I have a dream that one day this nation will rise up and live out the true meaning of its creed: ‘To constitute Sri Lanka into a Democratic Socialist Republic, whilst ratifying the immutable republican principles of representative democracy, and assuring to all peoples freedom, equality, justice, fundamental human rights and … the intangible heritage that guarantees the dignity and well-being of succeeding generations of the people of Sri Lanka.” 

I have a dream that one day on the red-stained roads of Rathupaswela, the children of oppressors and the oppressed will be able to sit down together and share a cup of cold water against the heat of the day.

I have a dream that one day even the electorates of Kurunegala and Kilinochchi – districts once sweltering with the heat of injustice and simmering with the passions of jingoism – will be transformed into oases of peace with justice and plenty.

I have a dream that one day soon again we will all be able to readily travel from Jaffna’s northern bastions through historic central Kandy to deepest Dondra and a happier Hambantota on the maritime shores of a global milieu without let or hindrance; in a happy agnosticism to race, creed, or culture; and in only joyful celebration of an older civilisation than the commerce of rank politics and ridiculous theocracies. 

I have a dream that our children perhaps and theirs for certain will one day live in a blessed secular land where they will not be judged by the ‘race’ they once belonged to or the ‘religion’ their parents professed to follow – but by the content of their character and their inalienable rights to full and fair citizenship.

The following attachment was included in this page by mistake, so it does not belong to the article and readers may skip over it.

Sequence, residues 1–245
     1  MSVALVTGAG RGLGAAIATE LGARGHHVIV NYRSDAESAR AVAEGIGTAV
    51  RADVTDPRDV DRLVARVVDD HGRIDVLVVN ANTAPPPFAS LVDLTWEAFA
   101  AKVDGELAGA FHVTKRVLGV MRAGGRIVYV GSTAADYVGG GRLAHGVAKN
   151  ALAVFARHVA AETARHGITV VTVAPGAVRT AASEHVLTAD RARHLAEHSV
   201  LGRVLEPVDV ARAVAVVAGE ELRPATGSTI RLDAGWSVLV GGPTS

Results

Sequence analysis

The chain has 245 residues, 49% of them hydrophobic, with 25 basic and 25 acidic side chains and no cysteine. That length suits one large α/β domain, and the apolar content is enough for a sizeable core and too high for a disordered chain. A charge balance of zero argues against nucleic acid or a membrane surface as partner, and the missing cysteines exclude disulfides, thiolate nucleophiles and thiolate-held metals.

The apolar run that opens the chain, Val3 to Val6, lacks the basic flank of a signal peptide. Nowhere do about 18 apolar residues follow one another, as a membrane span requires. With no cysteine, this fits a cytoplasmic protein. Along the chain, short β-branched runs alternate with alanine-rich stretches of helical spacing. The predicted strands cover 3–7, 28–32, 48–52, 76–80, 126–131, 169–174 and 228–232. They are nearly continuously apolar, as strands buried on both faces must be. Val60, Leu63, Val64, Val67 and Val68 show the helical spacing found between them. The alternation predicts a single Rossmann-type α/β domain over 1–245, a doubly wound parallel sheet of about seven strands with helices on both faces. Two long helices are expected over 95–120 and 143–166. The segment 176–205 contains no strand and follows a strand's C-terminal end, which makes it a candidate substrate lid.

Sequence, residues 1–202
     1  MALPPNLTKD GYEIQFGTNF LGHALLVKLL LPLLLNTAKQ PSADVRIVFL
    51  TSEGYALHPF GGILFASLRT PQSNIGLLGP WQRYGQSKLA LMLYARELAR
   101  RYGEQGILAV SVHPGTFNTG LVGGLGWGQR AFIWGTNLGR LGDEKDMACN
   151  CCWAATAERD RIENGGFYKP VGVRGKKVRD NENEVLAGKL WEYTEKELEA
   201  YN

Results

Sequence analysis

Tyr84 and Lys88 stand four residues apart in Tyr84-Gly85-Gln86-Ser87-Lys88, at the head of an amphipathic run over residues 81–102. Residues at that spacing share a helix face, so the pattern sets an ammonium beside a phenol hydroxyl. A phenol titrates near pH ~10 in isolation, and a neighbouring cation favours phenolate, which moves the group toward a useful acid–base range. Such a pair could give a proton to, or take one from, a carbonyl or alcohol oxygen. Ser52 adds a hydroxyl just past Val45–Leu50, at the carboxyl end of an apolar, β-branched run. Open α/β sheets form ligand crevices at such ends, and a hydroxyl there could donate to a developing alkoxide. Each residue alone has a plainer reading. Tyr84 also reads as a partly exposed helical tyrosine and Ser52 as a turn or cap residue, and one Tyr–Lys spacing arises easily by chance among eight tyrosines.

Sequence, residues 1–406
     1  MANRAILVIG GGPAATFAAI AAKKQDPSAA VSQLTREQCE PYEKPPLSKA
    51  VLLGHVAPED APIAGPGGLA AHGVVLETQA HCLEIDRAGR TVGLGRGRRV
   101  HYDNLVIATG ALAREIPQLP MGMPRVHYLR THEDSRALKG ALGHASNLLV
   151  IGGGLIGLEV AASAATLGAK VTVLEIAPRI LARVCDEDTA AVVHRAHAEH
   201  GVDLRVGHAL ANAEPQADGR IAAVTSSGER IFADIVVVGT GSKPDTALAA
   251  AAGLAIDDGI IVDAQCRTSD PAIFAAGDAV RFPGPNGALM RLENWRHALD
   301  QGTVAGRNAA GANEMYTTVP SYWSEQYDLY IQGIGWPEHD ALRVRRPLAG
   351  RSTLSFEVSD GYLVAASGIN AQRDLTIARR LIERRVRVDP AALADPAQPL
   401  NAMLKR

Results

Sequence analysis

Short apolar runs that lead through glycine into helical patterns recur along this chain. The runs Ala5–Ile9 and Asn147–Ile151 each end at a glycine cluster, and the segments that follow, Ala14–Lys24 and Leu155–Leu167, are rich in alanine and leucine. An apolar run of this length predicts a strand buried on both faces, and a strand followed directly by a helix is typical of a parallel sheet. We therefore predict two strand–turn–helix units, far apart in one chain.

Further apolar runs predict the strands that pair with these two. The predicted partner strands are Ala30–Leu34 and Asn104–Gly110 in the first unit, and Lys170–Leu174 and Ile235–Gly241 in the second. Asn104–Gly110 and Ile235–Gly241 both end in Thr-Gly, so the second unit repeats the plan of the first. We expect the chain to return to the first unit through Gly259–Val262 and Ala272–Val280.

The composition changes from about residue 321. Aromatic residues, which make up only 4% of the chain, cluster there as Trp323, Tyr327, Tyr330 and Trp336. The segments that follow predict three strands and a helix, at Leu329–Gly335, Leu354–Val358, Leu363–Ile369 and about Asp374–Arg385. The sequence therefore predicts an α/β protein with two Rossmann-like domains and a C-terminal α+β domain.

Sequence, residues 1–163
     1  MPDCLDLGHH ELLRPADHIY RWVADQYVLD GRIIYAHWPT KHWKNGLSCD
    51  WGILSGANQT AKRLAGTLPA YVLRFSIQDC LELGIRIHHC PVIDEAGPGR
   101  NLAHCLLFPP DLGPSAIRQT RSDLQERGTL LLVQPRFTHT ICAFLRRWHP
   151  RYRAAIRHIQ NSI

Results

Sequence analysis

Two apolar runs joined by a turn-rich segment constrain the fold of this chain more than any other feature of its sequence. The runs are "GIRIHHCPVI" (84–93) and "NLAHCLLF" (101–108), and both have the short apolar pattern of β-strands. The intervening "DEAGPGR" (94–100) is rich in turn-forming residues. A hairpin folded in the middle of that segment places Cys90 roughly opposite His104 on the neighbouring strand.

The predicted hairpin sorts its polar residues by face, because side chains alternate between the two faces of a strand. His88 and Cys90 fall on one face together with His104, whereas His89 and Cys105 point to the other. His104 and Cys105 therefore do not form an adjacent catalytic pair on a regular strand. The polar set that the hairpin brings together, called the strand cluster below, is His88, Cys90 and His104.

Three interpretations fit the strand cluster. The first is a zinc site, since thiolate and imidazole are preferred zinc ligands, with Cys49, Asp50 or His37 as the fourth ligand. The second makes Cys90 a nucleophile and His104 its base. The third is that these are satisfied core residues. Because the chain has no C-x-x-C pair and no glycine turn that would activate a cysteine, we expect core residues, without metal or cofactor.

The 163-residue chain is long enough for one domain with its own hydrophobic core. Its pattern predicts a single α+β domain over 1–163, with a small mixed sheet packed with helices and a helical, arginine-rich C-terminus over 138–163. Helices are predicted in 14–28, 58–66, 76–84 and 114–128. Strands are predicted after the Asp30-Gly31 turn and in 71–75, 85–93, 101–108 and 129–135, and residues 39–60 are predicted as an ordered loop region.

I have a dream today: on D-Day, for a new dawn… Into that tomorrow, may my land awake!

I have a dream that one day, right in the heart of the business district, with its cynical generals and their bunker mentality, and those captains of commerce and industry complicit with them in transmogrifying a promenade for everyone into a citadel that stood fortress to protect the guilty from facing crimes against a nation, those who invested their time, money, energy, efforts and lives in the righteous cause of the Aragalaya against authoritarianism and incompetence and arrogance and corruption, will feel the winds of peace with plenty blow in our faces across the western seas…

I have a dream today. Once again, I say: Into that tomorrow, may my land awake!

I have a dream that one day every valley of suffering shall be exalted to salvation, every hill of bloated power and mountain of laundered money shall be made low. The rough places of robber baronetcy will be made plain. And the crooked places of rulers in collusion with rogues will be made straight. And the glory of our land shall be revealed. And all islanders who are humble enough to admit their erstwhile part in the wrack and ruin of our nation once – by thinking wrong and voting worse, and holding their peace while the wagons circled the innocent, and only spoke up and marched out when the terror and scarcity came knocking on their doors – shall see it together.

This is our hope. 

This is the faith that I go back home with today. 

With this faith, we will be able to hew out of the mountain of despair a stone of hope. 

With this faith, we will be able to transform the jangling discords of our nation into a beautiful symphony of true community. 

With this faith, we will be able to work together, play together, struggle again together if other oppressors arise, go to cricket matches together, stand up for freedom together, press on towards a still dimly perceived future of peace with prosperity together – knowing that we will be free and at peace with justice for all one day.

Today, it is already that tomorrow. Bless our land! Peace with justice for all has for too long avoided being our boon... So into that tomorrow, may my land awake!   

| Editor-at-large of LMD | ‘May my land awake’ ‘Come let us build’ ‘March on!’ |